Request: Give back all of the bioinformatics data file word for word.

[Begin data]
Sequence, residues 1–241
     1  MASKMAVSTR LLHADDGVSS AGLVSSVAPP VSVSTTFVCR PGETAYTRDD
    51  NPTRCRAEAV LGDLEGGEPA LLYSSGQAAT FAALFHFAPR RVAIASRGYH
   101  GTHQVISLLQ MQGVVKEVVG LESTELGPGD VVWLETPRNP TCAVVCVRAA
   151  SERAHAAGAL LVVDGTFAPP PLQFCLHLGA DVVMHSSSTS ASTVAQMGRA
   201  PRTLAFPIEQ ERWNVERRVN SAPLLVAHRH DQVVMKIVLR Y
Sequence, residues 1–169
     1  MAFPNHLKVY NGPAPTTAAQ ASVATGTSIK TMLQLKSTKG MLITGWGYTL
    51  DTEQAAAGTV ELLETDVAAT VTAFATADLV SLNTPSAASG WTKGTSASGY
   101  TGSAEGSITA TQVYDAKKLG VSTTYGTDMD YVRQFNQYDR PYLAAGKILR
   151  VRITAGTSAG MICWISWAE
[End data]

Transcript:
Sequence, residues 1–241
     1  MASKMAVSTR LLHADDGVSS AGLVSSVAPP VSVSTTFVCR PGETAYTRDD
    51  NPTRCRAEAV LGDLEGGEPA LLYSSGQAAT FAALFHFAPR RVAIASRGYH
   101  GTHQVISLLQ MQGVVKEVVG LESTELGPGD VVWLETPRNP TCAVVCVRAA
   151  SERAHAAGAL LVVDGTFAPP PLQFCLHLGA DVVMHSSSTS ASTVAQMGRA
   201  PRTLAFPIEQ ERWNVERRVN SAPLLVAHRH DQVVMKIVLR Y
Sequence, residues 1–169
     1  MAFPNHLKVY NGPAPTTAAQ ASVATGTSIK TMLQLKSTKG MLITGWGYTL
    51  DTEQAAAGTV ELLETDVAAT VTAFATADLV SLNTPSAASG WTKGTSASGY
   101  TGSAEGSITA TQVYDAKKLG VSTTYGTDMD YVRQFNQYDR PYLAAGKILR
   151  VRITAGTSAG MICWISWAE